5. ^ a b c Yun, Elizabeth (4 January 2011). "Math the Band Strive to 'Take Fun Seriously' Exclusive Video". AOL. Archived from the original on 17 November 2011. Retrieved 30 March 2011.
  6. ^ Moses, Jeff (2015-06-16). "Minibosses Celebrate 15 Years of Gaming-Centric Music". Phoenix New Times. Retrieved 2017-06-17.
  7. ^ a b c d e f Greer, Nick (2005-01-24). "HORSE the band R. Borlax". Sputnikmusic. Retrieved 2011-03-14.
  8. ^ a b c Loftus, Johnny. "HORSE the Band". Allmusic. Rovi Corporation. Retrieved 2011-03-14.
  9. ^ Sutherland, Sam (December 2006). "Horse the Band - Pizza EP". Exclaim!. Retrieved 10 July 2011.
  10. ^ Turull, Alisha (6 October 2009). "New Releases: Lita Ford, the Fall of Troy, Horse the band, Immortal, Inhale Exhale". Noisecreep. AOL. Retrieved 30 March 2011.
  11. ^ a b c d e f "Horse The Band, Super 8 Bit Brothers, Endless Hallway ,and Oceana". The A.V. Club. The Onion. 8 November 2010. Archived from the original on 15 March 2012. Retrieved January 2, 2015.
  12. ^ Leahey, Andrew. "A Natural Death". Allmusic. Rovi Corporation. Retrieved 8 May 2011.
  13. ^ a b c Loftus, Johnny. "The Mechanical Hand". Allmusic. Rovi Corporation. Retrieved 10 April 2011.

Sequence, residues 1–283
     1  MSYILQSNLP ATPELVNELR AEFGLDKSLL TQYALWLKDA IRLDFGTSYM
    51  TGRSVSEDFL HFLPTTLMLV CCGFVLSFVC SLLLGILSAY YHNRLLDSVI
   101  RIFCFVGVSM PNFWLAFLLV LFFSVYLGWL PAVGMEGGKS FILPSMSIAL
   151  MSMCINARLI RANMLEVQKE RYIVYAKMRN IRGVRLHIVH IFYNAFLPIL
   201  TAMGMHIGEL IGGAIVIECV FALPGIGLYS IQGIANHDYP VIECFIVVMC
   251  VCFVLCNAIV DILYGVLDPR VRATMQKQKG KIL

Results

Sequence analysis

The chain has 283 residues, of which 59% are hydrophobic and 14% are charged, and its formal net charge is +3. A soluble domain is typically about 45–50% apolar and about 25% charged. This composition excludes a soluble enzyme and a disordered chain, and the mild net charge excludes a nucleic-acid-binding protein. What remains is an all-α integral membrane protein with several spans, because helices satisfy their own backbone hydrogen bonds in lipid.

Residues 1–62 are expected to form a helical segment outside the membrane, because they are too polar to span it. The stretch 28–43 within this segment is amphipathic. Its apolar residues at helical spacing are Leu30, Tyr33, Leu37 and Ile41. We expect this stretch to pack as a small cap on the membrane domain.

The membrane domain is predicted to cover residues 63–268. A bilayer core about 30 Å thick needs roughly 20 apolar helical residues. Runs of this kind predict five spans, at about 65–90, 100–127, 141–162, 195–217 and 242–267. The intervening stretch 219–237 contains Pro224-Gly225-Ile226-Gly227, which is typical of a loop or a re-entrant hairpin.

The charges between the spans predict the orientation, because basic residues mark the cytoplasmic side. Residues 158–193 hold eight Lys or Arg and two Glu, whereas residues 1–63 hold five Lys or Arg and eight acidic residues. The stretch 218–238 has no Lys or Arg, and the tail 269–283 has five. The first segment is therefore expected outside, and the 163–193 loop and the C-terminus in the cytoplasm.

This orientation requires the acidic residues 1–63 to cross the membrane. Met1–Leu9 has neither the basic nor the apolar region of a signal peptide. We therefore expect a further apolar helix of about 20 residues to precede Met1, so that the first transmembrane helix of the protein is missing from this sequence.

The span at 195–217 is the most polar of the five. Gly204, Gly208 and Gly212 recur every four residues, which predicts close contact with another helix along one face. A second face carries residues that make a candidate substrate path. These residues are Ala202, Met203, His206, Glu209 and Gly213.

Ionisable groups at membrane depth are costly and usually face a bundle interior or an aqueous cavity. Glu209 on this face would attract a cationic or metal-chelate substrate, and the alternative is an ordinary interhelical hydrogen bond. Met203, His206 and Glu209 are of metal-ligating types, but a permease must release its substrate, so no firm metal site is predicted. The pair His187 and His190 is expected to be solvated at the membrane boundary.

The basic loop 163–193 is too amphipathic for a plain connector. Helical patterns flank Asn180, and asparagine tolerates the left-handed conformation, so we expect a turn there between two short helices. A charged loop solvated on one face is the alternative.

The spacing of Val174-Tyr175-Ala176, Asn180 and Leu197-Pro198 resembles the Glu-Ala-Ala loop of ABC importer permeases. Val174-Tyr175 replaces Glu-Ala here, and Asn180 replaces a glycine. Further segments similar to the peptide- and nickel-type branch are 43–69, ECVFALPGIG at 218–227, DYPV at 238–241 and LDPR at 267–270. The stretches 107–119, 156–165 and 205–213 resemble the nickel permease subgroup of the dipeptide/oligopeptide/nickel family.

14. ^ a b c d Loftus, Johnny. "R. Borlax [Bonus Tracks]". Allmusic. Rovi Corporation. Retrieved 10 April 2011.
  15. ^ a b Weber, Scott (Site moderator). "Horse the Band - The Mechanical Hand". AbsolutePunk. Retrieved 2011-05-07.
  16. ^ a b Trivett, Ben (21 October 2010). "Math the Band Play Blistering Set at CMJ -- Exclusive Photos". AOL. Retrieved 30 March 2011.
  17. ^ a b c Borges, Mario Mesquita. "Minibosses". Allmusic. Rovi Corporation. Retrieved 10 April 2011.
  18. ^ Trivett, Ben (21 October 2010). "Math the Band Play Blistering Set at CMJ -- Exclusive Photos". AOL. Archived from the original on 1 January 2011. Retrieved 30 March 2011.
  19. ^ a b c d Moerder, Adam (Staff member). "The Depreciation Guild - In Her Gentle Jaws". Pitchfork Media. Retrieved 2011-05-09.